"Some of them are the most cunning rogues on the face of the earth. One, a bit of a boy, wanted to have a little time out, and he proceeded in this way. He fell down in one of the dormitories, clasped his elbow, and set up a howl that soon attracted me to the spot. He had, he said, hurt his arm. Every touch gave him excruciating pain. I took him next morning to the doctor, who examined the elbow, which was very red. He said no bone was broken, but the arm was injured. It was suggested that he had better go to St. Thomas's Hospital. He returned with his arm neatly bound in splints (which it was afterwards discovered the artful scamp had cut out of two lesson boards), and an order, duly drawn up, that he was to go on the morrow. This continued for a day or two; and at last he brought an order in which the arm was described as in a state of mortification. This aroused my suspicions; but there was the order on the printed hospital form. I went to the hospital, and had a sharp interview with the young dressers. They knew nothing of the case. I returned to the boy, and told him to take his jacket off. He pretended that it was impossible to move his arm; however, I stood over him with a rope, and he took it off as well as I could. There was nothing the matter with his arm. He had contrived this plot in order to spend a day or two with some friends of his — publicans. He obtained the order by going to the hospital, getting his blank ticket, and leaving with it before he reached the surgeon's room. He had been in prison many times, although he was only fourteen years of age. He is now in America, preparing to be a schoolmaster.
"Then we had a boy who shammed fits. In his feigned delirium he called out, 'I'm to be hanged to-morrow morning!' I sent for the doctor, who laughed, and said, 'You can cure him better than I can.' He suggested a shower-bath. We carried him to it; and he kept up the deceit all the time. He was stripped and put in the bath. The instant the water fell upon him he leapt up. I was at hand with a rod, and gave him one cut, and he was off, running as fast as his legs could carry him, to his bed. I asked him his reason for the sham, and he said the boys told him I had released a boy who had fits, so he thought he would try. He is now in the army, and as good a boy as ever broke the world's bread."
Gossiping in this way, we passed back through the cotton-tearing department, to the playground. It was a cheerful place enough. There were pigeons flying about; there was a swing for the boys, and two vans were being loaded or unloaded. I watched a group of boys counting and stacking firewood. There was one distinguishable at a glance from the rest. He was a merchant's son, sent here for having committed some crime in his family. The master said he had a boy who could speak three languages.
We visited the tailors' and shoemakers' shops, which led the master to observe that the boys had made everything he stood upright in, except his hat and overcoat. It was as we were mounting the steps that lead to the firewood department, that the master called to my mind Squire Baker's Reformatory in Gloucestershire, where the boys' industry pays all their expenses. The firewood department is carried on in an airy and lofty gallery. The wood is cut with circular saws, into blocks. Along the gallery are compartments or berths; three boys work in each. One chops the wood, one sorts it, and one presses and ties it into bundles. Each party must do at least 600 bundles per diem. This done they may off to play, having earned one penny each. In a corner berth were two boys, one was chopping and one was tying bundles. A window behind him was broken. The master inquired how it was done. A boy had pitched a block of wood at it. "He was not at work, of course," said the master. The boy replied in the negative, and we passed on. The master told us a tragic story.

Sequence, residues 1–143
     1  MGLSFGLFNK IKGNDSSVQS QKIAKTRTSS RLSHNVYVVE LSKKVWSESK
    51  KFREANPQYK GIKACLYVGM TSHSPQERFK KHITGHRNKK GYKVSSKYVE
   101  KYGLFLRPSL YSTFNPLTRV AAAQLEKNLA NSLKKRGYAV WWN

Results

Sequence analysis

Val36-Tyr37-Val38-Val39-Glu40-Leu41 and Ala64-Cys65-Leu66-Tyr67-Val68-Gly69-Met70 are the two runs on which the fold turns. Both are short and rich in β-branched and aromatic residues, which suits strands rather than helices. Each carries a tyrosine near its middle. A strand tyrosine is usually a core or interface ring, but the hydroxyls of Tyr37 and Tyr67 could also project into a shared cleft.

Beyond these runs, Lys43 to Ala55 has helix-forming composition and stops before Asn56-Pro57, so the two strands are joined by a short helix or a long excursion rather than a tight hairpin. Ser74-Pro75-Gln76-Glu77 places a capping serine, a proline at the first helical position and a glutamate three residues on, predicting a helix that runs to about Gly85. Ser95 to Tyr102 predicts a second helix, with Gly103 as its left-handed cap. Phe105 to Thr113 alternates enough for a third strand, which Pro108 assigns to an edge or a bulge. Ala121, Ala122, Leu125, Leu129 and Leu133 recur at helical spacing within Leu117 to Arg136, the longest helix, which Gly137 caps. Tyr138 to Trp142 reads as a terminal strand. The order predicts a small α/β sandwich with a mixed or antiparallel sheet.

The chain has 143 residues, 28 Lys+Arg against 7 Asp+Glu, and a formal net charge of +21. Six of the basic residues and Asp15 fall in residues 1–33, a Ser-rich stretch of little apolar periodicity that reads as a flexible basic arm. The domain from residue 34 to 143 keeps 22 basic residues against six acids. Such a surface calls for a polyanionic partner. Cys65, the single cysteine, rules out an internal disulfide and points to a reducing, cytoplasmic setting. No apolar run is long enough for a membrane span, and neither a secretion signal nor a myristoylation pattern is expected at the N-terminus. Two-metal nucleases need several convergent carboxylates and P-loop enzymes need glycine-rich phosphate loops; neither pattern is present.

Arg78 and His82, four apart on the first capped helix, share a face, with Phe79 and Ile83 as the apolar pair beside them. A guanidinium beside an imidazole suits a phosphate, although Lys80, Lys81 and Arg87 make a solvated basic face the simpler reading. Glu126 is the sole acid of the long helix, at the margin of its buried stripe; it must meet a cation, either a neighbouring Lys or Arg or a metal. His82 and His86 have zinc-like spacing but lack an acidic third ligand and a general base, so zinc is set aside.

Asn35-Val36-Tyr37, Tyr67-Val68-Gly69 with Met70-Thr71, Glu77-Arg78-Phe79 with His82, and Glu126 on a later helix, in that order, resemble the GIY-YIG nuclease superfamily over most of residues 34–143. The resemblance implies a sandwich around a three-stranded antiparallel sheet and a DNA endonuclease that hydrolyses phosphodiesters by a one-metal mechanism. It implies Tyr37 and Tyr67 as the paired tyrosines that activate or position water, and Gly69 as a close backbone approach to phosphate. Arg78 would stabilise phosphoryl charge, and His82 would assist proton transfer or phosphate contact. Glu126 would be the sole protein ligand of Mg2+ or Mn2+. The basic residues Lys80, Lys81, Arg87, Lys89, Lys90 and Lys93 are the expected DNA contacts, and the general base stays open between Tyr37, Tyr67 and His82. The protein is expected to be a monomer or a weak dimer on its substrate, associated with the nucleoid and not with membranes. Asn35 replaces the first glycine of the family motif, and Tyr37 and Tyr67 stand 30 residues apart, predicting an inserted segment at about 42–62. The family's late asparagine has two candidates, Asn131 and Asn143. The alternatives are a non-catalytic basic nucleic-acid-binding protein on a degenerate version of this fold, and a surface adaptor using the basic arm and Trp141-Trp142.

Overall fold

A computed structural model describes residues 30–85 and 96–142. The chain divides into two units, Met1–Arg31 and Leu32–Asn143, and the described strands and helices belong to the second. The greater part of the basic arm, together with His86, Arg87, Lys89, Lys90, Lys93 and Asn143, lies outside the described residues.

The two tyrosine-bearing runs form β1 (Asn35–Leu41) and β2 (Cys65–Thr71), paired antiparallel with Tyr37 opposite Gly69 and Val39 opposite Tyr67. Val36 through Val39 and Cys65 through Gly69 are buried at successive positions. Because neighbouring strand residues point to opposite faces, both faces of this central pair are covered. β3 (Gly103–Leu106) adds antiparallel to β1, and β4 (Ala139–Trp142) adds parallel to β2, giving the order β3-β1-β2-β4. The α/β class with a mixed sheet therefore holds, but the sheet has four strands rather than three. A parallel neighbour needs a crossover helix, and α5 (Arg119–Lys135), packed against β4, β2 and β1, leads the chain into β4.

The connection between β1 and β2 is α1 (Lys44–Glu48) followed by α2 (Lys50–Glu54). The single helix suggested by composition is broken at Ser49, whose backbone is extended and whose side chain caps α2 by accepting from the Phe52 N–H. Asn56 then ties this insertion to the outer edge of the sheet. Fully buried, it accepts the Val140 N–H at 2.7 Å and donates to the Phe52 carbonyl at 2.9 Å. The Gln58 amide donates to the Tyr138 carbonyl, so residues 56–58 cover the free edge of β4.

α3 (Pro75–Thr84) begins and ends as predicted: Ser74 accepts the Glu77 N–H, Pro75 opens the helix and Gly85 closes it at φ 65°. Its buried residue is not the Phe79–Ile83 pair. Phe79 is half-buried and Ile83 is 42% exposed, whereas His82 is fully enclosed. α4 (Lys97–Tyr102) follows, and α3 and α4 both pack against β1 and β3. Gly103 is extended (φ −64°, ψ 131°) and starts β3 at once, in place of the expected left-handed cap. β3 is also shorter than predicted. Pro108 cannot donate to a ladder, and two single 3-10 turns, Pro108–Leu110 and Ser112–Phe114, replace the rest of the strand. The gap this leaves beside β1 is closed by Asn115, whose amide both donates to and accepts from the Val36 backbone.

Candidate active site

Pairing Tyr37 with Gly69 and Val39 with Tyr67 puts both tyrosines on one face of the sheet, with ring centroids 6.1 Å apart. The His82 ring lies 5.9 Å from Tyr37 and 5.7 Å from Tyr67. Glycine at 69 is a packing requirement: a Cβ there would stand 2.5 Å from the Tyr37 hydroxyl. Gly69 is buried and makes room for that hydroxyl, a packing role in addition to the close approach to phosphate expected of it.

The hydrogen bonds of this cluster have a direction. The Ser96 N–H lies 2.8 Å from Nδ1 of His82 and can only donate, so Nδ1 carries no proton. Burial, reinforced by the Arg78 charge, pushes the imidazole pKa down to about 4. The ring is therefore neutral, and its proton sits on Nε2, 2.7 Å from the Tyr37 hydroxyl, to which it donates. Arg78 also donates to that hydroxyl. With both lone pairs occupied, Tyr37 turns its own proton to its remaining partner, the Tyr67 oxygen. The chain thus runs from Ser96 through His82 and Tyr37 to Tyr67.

"That boy," said he, "who was tying up the bundles, had a narrow escape of his life a little time ago. He had offended another boy in the course of the day, a boy who had been with us about three months. This boy secreted a chopper when he went to bed at night; and about three or four in the morning, when everybody was asleep, the little fellow — for he was a very small boy — crept out of his bed, and went from sleeper to sleeper until he had found his victim. He then pulled back the clothes, and before he could be reached had given four frightful chops on the sleeper's head. The boy you saw has a bit cut out of his skull now. It was found in the blood on the bed-clothes afterwards. The teacher rushed into the room. I was called up, and found the boy lying, I thought dead, in the school-room. All his ferocious assailant said was — 'I've done the deed.' He was tried, and coolly pleaded guilty, but was prevailed upon to withdraw the plea. He was in the end condemned to fifteen years' penal servitude."
This revengeful young monster came from Nottingham, where he had already committed violence on a companion, a fact that was not sent with him.
There are three dormitories in the Home; one for unconvicted boys, one for boys who have been convicted once, and one — a fine gallery with top-lights, like a South Kensington picture-gallery — for boys who have been convicted more than once. I will conclude by a reference to Mr. Sidney Turner's last report on this Home. He complained that it was too crowded — considering the little out-of-door work it offers and its position — when there were 119 boys in it: now the numbers are 185; but I confess I saw ample accommodation and employment for the present number. I protest, with him, however, against boys being sent hither from Lancashire because they are admitted without immediate payment. However, it generates general income not bearing on the homes at Manchester.